Thanks, Sam, for the awesome perspective, as always!

  5. Jeffrey, I haven't seen Jour de fete, but the next four Tati features are gold. When you equate it with Ambersons it starts moving up fast on my to-do list. Until I see it I have to stick with The Third Man. Right now I'd put Criss Cross ahead of White Heat as runners-up.

  6. Samuel, great to hear from you!

    Of course, JOUR DE FETE is also much different than THE MAGNIFICENT AMBERSONS. The Tati film is spare, somewhat austere, hemmed in while, as you well know, AMBERSONS is full of Welles' dazzling style. But if you know Tati's other work, this will be very familiar to you. In fact, it's probably a little more extroverted, a little more readily accessible than his later work.

    If you see it, I'd love to hear how it strikes you. Thanks for the wonderful comments!

  7. This is a pretty strong year, but my favorite remains Robert Siodmak's CRISS CROSS. Siodmak is one of my favorite directors and a guy who deserves much more credit than he even now receives - he's respected by hardcore movie folks like us and noir fanatics, but I think he is still underrated. Criss Cross is my favorite of all of his films and in my opinion one of the greatest noirs ever made.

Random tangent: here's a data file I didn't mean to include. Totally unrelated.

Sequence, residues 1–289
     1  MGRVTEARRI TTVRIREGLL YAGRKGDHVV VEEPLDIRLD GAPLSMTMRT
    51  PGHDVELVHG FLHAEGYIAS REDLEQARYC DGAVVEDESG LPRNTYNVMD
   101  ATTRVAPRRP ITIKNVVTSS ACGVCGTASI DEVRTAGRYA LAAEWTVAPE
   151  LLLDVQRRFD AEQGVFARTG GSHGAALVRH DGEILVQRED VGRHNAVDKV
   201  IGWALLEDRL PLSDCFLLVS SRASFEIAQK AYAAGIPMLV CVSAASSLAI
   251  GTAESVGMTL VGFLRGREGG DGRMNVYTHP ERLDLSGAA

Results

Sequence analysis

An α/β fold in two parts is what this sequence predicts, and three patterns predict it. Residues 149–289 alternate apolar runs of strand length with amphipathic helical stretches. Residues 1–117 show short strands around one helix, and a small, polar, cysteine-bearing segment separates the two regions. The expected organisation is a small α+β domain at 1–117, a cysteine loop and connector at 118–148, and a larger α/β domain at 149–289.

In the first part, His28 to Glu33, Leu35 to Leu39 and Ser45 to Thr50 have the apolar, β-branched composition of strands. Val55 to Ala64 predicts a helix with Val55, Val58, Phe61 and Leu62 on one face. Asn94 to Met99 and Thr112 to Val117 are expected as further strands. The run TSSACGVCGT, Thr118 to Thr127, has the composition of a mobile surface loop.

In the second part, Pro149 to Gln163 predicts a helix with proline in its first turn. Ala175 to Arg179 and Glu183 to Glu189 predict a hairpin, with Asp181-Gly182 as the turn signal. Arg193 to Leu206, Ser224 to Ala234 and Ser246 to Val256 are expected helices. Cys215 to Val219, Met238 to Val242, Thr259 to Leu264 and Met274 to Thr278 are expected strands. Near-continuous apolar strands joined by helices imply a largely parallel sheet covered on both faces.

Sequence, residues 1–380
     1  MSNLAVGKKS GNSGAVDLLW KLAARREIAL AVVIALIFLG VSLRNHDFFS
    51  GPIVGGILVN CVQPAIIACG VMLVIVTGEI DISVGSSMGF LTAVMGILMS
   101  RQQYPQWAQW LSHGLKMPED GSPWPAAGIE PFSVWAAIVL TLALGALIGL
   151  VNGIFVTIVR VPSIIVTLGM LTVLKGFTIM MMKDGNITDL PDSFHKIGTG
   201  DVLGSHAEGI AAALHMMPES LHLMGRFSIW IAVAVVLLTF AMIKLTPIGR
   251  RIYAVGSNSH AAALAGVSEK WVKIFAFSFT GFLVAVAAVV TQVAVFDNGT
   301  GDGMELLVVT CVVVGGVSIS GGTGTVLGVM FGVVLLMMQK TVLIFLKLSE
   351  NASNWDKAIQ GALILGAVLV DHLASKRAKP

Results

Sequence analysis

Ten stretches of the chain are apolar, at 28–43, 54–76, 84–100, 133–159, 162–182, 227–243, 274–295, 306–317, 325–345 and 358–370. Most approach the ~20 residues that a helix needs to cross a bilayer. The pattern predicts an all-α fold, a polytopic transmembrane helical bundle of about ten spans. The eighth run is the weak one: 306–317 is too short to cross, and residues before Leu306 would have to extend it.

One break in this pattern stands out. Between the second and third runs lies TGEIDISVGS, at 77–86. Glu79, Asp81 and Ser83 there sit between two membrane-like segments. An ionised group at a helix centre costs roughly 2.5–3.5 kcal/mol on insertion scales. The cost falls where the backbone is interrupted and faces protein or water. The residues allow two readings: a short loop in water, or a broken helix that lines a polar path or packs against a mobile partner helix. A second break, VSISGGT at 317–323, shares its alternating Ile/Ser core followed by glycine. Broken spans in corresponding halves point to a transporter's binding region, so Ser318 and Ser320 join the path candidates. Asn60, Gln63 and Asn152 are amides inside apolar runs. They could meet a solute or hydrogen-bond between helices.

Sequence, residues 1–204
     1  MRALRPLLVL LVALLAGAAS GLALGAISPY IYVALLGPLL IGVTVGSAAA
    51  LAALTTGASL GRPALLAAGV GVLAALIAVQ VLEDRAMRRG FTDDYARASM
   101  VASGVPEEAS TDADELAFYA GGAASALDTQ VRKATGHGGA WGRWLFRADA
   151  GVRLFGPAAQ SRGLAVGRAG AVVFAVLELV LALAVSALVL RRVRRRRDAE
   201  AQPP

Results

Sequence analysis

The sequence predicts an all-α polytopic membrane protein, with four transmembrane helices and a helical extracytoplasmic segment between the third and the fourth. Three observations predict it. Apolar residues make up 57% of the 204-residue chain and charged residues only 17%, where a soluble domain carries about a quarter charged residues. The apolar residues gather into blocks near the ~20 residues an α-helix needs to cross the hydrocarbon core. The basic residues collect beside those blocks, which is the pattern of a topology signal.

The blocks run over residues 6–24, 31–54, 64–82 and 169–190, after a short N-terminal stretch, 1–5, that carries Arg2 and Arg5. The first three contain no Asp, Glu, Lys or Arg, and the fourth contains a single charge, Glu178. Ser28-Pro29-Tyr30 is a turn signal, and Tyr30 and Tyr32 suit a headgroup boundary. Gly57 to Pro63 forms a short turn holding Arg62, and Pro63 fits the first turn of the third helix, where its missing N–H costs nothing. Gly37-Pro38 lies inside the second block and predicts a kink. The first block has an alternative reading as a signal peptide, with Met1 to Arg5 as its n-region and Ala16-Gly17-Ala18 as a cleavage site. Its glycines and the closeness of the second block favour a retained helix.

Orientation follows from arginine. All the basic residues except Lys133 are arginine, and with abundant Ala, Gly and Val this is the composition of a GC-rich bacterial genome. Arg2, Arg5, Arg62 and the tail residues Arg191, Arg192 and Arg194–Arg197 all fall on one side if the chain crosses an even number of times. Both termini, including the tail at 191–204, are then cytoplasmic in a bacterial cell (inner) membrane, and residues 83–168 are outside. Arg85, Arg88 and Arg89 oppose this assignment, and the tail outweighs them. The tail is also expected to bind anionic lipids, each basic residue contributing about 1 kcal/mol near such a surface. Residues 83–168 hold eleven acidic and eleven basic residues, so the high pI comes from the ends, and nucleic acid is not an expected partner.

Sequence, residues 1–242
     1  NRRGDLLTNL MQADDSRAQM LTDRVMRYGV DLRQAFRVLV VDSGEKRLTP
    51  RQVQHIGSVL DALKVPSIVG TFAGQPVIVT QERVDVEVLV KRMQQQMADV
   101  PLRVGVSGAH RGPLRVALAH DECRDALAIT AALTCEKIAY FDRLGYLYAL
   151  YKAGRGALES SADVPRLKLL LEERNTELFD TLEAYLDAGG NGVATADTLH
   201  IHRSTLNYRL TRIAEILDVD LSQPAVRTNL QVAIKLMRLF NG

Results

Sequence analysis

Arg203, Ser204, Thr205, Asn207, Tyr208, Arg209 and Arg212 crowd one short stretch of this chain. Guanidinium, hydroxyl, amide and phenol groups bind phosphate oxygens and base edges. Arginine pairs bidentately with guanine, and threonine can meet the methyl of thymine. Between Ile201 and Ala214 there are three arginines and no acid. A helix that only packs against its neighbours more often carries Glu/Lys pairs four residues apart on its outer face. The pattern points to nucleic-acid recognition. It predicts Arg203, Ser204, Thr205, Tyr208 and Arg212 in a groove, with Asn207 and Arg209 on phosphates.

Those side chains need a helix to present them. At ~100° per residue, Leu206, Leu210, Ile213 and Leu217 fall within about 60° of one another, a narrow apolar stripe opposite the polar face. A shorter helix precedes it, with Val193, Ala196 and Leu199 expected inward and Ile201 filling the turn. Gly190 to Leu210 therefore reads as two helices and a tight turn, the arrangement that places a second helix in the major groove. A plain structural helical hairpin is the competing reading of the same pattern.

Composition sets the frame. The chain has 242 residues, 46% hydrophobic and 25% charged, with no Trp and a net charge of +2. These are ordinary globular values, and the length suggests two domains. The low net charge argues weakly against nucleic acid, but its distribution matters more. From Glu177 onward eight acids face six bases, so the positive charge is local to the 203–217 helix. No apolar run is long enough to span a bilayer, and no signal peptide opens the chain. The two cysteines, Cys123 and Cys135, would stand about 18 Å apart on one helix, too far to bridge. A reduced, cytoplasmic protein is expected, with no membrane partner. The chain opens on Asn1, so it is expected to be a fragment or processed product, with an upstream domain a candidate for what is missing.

Other favorites:

    The Third Man
    White Heat
    Kind Hearts and Coronets
    Gun Crazy
    The Reckless Moment
    House of Strangers
    The Heiress
    The Set Up
    Reign of Terror/The Black Book

  8. Dave, great comments! I completely share your affinity for CRISS CROSS. And of the classic noir period, up until '58 let's say, it would absolutely find a place in my top ten. As I mentioned, I also really love THE KILLERS and THE SPIRAL STAIRCASE. Which of Siodmak's other films do you really like? (Not that these three aren't enough already to justify him as a major figure.)